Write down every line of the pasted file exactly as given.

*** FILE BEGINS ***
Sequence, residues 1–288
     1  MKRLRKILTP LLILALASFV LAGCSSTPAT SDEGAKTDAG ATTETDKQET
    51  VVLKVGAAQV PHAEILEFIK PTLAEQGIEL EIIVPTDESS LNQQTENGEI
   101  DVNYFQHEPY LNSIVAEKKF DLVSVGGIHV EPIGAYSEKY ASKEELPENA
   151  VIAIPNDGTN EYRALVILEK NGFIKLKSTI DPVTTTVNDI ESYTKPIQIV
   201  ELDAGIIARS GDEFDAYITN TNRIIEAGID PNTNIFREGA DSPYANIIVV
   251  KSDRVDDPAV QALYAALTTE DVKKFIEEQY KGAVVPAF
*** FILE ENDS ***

Sequence, residues 1–288
     1  MKRLRKILTP LLILALASFV LAGCSSTPAT SDEGAKTDAG ATTETDKQET
    51  VVLKVGAAQV PHAEILEFIK PTLAEQGIEL EIIVPTDESS LNQQTENGEI
   101  DVNYFQHEPY LNSIVAEKKF DLVSVGGIHV EPIGAYSEKY ASKEELPENA
   151  VIAIPNDGTN EYRALVILEK NGFIKLKSTI DPVTTTVNDI ESYTKPIQIV
   201  ELDAGIIARS GDEFDAYITN TNRIIEAGID PNTNIFREGA DSPYANIIVV
   251  KSDRVDDPAV QALYAALTTE DVKKFIEEQY KGAVVPAF